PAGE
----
Design can not exist alone as a function, as how something works (though certainly it is that); however, it must also, if we’re doing it “right,” lean toward form–how it looks, feels, etc. And as we live in a time of efficiency, of fast streamlined production, it is important that we not lose the importance of art in design. That we focus on both what it it looks like and how it feels (how it works).


Porsche 911
Porsche 911

With a medium so complex and vast as web-design, it might be useful to remember this when formulating an idea for design:


Keep nothing in your home that you do not know to be useful, or believe to be beautiful.



William Morris, British artist, designer, writer in the 1800’s, said this. The same can be said for design. Design combines use and beauty; it is art with a purpose.

A well-designed site allows us to accomplish our intended task online easily and with pleasure. And if pleasure is what we most seek in life (if Freud is right, and I think he might be on this one), it only makes sense as designers, as marketers, as business owners, that we add pleasure into the aspects of function. And why not be a pleasing experience, when after all, 72% of Millennials do online research before buying in store (Forbes). With that much time spent online, we want to have fun doing it.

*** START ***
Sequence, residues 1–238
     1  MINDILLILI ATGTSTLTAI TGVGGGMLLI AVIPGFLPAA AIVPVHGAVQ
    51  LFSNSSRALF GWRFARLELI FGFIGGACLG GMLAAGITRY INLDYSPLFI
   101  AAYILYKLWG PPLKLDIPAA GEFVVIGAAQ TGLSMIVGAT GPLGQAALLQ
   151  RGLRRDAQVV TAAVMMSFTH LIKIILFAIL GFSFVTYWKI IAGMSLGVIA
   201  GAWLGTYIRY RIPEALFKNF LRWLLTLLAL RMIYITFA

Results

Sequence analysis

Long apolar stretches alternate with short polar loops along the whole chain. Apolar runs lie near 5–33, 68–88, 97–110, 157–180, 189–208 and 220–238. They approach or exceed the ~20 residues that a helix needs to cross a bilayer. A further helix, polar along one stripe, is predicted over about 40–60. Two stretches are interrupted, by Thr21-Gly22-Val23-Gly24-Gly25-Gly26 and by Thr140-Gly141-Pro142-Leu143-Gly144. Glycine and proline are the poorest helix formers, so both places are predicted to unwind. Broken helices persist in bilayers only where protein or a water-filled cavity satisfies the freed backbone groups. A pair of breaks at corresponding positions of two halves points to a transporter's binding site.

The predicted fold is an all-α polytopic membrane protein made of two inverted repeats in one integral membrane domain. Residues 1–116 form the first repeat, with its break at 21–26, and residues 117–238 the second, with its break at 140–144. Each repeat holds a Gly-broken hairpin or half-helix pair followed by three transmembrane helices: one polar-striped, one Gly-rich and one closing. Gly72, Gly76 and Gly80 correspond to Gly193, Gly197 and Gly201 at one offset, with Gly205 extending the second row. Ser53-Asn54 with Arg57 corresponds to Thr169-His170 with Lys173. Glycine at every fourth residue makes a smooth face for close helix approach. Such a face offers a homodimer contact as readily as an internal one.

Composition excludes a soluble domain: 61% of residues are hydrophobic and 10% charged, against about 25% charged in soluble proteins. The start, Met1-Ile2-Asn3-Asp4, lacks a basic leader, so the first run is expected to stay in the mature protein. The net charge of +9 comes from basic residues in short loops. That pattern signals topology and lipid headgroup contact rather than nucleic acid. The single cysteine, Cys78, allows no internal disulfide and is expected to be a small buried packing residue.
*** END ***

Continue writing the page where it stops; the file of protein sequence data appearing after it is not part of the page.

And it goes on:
How do you keep us coming back?

We are impatient creatures, and sensitive to time. So sensitive that if a site takes more than three seconds to load, 40 percent of us will leave the page, making load time the most important factor in site traffic. This is where back-end design comes in–the “how it works.”

Visual design comes in second in importance of maintaining site traffic, specifically color theme. It comes as no surprise that the color we most prefer is the most pervasive color in the natural world: green, with blue not far behind; followed by purple, orange, and yellow (respectively), and then red which actually is aversive, causing sites to lose traffic (-1.35%).

Usage is also affected by layout and whether or not a site uses html (html increases traffic). But perhaps the most important reason to put the effort into building a well-designed site is to maintain the trust of your readers/users. After all, 94% of people cite design (or lack thereof) the reason they do not trust a site.

The Formula

Let’s say a formula for what good design can bring us looks something like this: art with purpose (design) creates a pleasurable experience and trust (increase in site traffic) creates wealth (sales). A win-win-win situation, if you’re asking us. And if you are, we can help you make it happen.

Shuhari: Follow, Break, Transcend–A Guide to Mastery

Shuhari: Follow, Break, Transcend–A Guide to Mastery

We’ve all heard that practice makes perfect, but maybe it’s a little more than that–or a little less.